Live the Story
The Mahabharata is a giant epic poem dating back more than two millennia. It is an incredibly complex story with many different characters that tells about the fight over the throne of Hastinapura by two branches of a royal family: the five Pandava brothers and their hundred cousins, the Kauravas, headed by Duryodhana. Their animosity starts out as a fierce sibling rivalry. It is strengthened by the preferential treatment of Arjuna, the middle one of the Pandavas, by the archery teachers of the young princes. It ends in an eighteen day long war in which all the Kauravas are killed. Interwoven with the main narrative are several side-stories and philosophical discourses.
Traditionally, the authorship of the Mahabharata is attributed to Vyasa. However, the epic is told all over India in many different languages, interpretations and artistic forms. Kattaikkuttu’s all-night Mahabharata performances in Tamil are an example of such a regional variant. They use different episodes from the Mahabharata, which they interpret in their own way taking into account the local social and religious context.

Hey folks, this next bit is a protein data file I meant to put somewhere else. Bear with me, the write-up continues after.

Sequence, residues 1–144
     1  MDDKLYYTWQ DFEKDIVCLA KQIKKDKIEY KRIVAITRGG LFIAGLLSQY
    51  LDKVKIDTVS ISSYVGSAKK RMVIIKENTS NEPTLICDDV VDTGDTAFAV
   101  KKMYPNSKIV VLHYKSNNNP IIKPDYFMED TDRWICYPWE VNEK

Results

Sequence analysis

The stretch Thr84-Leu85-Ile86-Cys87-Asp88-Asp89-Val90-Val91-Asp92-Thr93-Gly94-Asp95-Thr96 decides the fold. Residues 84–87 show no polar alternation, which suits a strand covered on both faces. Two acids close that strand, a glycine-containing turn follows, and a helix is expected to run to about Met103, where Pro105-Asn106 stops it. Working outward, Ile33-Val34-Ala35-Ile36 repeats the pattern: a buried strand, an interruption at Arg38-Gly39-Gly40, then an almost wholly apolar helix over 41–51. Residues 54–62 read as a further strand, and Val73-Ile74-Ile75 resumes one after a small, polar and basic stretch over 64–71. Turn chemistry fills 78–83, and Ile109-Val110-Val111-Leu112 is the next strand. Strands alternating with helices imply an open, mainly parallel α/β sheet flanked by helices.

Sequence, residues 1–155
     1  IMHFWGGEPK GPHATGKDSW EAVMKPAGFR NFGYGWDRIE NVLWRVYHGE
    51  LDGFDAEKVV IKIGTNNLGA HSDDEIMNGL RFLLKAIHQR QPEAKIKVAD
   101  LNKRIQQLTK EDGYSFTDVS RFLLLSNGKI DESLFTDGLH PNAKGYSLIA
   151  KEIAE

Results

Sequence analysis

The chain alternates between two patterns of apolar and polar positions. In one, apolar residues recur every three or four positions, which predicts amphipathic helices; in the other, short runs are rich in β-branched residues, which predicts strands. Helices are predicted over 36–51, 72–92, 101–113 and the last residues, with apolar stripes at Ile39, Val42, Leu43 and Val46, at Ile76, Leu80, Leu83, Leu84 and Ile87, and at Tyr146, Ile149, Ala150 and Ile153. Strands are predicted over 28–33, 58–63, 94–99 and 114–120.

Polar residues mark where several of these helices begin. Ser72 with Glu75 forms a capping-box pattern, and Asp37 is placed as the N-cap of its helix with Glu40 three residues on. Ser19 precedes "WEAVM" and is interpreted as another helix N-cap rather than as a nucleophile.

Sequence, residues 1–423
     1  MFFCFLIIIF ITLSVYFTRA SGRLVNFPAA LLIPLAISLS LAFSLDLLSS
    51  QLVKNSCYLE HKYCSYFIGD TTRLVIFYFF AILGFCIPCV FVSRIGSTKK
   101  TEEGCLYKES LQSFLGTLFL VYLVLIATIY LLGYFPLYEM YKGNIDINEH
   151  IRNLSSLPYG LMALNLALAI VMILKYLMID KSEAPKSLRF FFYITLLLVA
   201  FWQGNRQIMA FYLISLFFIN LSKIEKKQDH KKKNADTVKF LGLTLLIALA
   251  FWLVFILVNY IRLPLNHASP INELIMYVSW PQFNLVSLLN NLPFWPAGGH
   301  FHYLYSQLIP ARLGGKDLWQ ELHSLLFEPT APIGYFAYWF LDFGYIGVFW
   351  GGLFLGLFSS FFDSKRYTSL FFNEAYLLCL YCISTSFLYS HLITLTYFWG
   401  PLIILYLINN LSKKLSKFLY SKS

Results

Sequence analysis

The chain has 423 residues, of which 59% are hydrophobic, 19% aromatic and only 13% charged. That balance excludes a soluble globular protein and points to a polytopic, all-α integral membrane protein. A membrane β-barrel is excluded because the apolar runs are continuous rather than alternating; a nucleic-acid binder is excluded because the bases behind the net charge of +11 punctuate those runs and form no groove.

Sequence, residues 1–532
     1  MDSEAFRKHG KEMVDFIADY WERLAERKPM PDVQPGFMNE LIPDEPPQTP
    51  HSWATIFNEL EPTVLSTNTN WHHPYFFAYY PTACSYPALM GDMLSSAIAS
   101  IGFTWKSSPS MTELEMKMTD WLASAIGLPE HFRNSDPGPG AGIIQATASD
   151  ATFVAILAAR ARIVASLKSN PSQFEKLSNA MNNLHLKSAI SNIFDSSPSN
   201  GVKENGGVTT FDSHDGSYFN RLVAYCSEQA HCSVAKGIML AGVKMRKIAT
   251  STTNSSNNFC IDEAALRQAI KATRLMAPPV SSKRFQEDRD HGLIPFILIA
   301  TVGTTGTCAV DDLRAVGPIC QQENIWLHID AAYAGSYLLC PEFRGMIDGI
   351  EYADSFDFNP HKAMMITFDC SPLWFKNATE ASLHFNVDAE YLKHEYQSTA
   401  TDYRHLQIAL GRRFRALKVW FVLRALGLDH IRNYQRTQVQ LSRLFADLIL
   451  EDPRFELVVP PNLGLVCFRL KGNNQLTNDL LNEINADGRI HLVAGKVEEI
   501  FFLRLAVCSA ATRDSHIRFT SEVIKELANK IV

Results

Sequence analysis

Pivotal to this rural context is the worship of Draupadi, the common wife of the five Pandavas, as a heroic village Goddess. The interconnectedness of the Mahabharata and the centrality of Draupadi-the-Goddess provide Kattaikkuttu performances with additional resonances and philosophical values that help rural audiences make sense of the epic and connect it to their own lives.
Karna is one of the most fascinating charaters in the Mahabharata. Karna is the first-born son of Kunti and the Sun God, born prior to Kunti’s marriage. Therefore, he is the Pandavas half-brother. Kunti abandons the baby Karna. As fate has it, Karna grows up at the court of the Kauravas. Duryodhana befriends him and he ends up fighting on the Kaurava side against the Pandavas in the devastating war. Karna is killed by the Pandava Arjuna who is unaware of the fact that he is his half-brother.
The tragedy of Karna’s life and death on the battlefield are the theme of an all-night play, Karna Moksham. It is often performed on the occasion of the death of a real person to help the soul of the deceased attain moksha or a liberation of the cycle of rebirths, just like Karna in the play.